UPDATE 2-McDonald's global same-store sales rise on strong demand for cheaper menu items

menu items@ (Adds details on U.S. business, analyst comment, updates shares)

Jan 30 (Reuters) - McDonald's Corp on Tuesday reported a better-than-expected profit, luring U.S. diners with its new Buttermilk Crispy Tenders and cheap value offerings, and saw strong sales in the UK and Canada.

The company's shares, however, fell as much as 1 percent in premarket trading as same-store sales in the United States, the company's biggest market, failed to beat lofty Wall Street expectations.

"While McDonald's U.S. business likely outperformed many of its quick-service counterparts during Q4 in terms of same-store sales growth, perhaps consensus expectations for this key business segment may have gotten a touch too high in the near term," Instinet analyst Mark Kalinowski said in a note last week.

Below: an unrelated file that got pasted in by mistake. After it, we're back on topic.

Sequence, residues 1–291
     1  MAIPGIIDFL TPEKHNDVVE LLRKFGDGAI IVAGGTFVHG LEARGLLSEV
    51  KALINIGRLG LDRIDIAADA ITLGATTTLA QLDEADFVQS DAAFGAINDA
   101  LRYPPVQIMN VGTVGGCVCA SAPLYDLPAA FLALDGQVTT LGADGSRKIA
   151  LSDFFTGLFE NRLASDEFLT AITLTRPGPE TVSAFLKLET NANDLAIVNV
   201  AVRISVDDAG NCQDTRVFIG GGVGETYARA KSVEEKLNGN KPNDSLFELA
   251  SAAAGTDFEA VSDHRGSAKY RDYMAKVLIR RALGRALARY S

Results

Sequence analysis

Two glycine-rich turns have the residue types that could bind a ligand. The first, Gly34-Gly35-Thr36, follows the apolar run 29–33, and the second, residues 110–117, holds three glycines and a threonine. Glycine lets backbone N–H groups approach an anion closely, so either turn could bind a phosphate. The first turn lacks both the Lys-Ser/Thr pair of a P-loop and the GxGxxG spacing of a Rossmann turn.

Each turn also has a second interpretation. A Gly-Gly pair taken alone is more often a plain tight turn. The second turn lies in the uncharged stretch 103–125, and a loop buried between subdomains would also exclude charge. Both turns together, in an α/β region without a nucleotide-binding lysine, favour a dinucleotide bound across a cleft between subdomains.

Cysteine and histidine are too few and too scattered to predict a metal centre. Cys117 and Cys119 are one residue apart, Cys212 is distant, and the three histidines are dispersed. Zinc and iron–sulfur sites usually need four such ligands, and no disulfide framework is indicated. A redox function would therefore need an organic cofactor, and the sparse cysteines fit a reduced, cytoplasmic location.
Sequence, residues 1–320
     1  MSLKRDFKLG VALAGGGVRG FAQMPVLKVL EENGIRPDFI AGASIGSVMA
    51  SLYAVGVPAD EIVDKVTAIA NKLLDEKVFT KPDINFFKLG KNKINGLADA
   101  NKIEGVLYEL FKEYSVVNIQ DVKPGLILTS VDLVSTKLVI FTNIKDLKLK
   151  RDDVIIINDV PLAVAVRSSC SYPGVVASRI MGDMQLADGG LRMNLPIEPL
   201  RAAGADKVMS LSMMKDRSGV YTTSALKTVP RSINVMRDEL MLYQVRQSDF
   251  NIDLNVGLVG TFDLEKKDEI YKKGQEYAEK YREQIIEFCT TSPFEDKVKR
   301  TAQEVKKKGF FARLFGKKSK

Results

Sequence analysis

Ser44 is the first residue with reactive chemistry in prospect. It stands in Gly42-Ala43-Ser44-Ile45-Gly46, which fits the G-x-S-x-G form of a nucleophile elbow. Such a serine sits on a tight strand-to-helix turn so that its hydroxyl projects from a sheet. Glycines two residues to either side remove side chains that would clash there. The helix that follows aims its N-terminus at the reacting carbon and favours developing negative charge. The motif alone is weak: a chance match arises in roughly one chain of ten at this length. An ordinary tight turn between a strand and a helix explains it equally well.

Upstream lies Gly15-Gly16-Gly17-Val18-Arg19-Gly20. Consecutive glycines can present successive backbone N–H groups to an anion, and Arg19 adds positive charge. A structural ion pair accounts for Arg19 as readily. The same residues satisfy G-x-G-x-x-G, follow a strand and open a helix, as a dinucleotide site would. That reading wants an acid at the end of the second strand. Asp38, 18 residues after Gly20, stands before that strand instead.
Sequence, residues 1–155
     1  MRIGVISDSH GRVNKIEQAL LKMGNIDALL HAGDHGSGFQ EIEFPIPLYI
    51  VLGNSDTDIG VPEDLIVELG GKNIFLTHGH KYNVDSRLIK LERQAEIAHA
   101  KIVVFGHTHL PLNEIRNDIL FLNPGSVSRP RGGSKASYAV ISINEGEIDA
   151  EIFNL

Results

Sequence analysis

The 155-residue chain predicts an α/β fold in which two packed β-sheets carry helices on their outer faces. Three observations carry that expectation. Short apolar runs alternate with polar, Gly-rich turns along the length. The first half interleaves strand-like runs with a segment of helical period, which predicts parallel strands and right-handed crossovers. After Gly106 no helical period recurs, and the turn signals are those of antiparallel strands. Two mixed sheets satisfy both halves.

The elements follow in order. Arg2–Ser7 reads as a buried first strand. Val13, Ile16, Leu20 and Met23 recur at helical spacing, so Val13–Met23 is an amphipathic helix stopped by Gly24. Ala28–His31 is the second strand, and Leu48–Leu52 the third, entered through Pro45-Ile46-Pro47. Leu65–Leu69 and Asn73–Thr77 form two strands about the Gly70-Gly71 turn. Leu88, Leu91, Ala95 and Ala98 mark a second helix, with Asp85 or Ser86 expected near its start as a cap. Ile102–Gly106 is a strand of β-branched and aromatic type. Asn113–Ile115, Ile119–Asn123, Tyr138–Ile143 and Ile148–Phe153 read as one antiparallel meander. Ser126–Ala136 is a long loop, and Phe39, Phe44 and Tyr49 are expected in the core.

Domestic same-store sales rose 4.5 percent rise, its fourth-straight quarterly gain, but were in line with analysts' estimates. Sales in the region were boosted by higher demand for its McPick 2 $5 combo offer and cheap beverages.

McDonald's global sales at stores open at least 13 months rose a healthy 5.5 percent, as it served more customers in regions including Canada, UK and China.

That topped the 5 percent analysts had expected, according to Consensus Metrix.

Net income fell to $698.7 million or 87 cents per share, from $1.19 billion or $1.44 per share, a year earlier, mainly due to a $700 million net charge related to recent changes in U.S. tax law.

Excluding items, the company earned $1.71 per share beating the average analyst estimate of $1.59, according to Thomson Reuters I/B/E/S.

Revenue fell 11.4 percent to $5.3 billion in the quarter ended Dec. 31, as it stepped up sales of restaurants to franchisees and strategic partners, the company said.

McDonald's shares were down 0.8 percent at $176.34 premarket. The stock rose 45 percent in the 12 months to Monday's close. (Reporting by Siddharth Cavale in Bangalore and Lisa Baertlein in Los Angeles; Editing by Bernard Orr and Saumyadeb Chakrabarty)